Japanese electronics giant Panasonic has announced plans to pay expat workers in China a wage premium to compensate for dangerous air pollution. Thought to be a global first, Panasonic describes the payment as a “premium for expatriates to compensate for a difficult and sometimes harsh living environment.”
The air quality in many Chinese cities is routinely found to be at hazardous levels, something Panasonic, which operates several factories in the country, is taking into account for its expat workers. Chinese government statistics agree that air quality standards are well below internationally accepted levels in all but three of 74 major cities.
Panasonic declined to say how much the premium would be, or how many workers may be entitled to it. The move is part of wider deals reached in Japan’s annual labour talks, reported the Guardian.
The air pollution in many Chinese cities regularly exceeds the World Health Organisation’s guidelines, particularly with regards to PM2.5 – small particles, or particulate matter, which can penetrate the lungs and are thought to cause thousands of premature deaths every year.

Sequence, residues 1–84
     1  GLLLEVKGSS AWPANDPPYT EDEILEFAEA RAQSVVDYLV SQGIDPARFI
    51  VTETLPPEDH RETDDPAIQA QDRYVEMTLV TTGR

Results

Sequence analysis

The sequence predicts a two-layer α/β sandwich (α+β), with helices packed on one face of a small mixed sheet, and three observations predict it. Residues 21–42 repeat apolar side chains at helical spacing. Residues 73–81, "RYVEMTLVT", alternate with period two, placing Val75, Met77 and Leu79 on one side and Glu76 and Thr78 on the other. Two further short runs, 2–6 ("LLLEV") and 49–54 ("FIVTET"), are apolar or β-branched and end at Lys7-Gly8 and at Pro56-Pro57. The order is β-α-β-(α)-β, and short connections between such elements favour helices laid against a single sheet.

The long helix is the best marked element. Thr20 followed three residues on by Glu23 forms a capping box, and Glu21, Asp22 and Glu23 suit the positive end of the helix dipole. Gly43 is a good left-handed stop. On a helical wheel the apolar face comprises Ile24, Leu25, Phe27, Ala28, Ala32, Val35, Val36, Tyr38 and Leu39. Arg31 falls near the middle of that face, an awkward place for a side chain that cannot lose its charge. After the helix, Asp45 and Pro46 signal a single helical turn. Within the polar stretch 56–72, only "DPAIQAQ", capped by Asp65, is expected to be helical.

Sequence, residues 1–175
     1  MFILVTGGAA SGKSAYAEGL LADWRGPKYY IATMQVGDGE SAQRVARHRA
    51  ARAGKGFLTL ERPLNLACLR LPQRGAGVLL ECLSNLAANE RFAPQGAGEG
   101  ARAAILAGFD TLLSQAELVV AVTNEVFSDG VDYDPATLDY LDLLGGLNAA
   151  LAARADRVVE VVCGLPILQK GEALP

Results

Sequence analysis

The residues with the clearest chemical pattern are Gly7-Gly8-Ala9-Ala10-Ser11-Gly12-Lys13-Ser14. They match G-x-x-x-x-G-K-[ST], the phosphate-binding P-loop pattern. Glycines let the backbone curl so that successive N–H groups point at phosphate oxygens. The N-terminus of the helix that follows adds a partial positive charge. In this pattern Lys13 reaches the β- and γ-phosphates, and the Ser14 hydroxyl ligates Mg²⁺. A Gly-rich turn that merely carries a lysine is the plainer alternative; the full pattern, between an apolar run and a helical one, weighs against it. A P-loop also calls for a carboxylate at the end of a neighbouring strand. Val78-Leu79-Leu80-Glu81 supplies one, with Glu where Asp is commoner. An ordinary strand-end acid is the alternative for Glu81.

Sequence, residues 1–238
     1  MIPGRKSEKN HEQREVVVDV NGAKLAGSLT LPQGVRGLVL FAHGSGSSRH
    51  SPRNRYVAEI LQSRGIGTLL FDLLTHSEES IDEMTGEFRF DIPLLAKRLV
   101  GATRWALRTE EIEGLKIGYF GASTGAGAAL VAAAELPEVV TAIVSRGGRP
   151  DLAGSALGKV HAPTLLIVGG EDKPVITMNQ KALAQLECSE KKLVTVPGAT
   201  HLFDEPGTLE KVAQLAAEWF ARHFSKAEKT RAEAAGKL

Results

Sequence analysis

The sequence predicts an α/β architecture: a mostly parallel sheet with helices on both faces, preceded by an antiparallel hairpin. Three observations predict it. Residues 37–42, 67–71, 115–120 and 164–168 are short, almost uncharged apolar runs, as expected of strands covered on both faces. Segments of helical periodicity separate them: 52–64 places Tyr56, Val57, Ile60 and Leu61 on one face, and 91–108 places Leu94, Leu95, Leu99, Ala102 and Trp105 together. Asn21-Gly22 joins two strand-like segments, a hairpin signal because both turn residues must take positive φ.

Levels of PM 2.5 regularly reach 400 micrograms per cubic metre in Beijing, much more than the WHO safe guideline of 25 micrograms. High levels of particulate matter have been linked to lung cancer, heart problems, and complications in pregnancy. As individuals are largely unable to control outdoor air pollution it is up to local and regional governments to implement changes to improve air quality.
The Chinese premier Li Keqiang has promised to address the issue in China, saying “”We will declare war against pollution and fight it with the same determination we battled poverty.” at the annual National People’s Congress this month.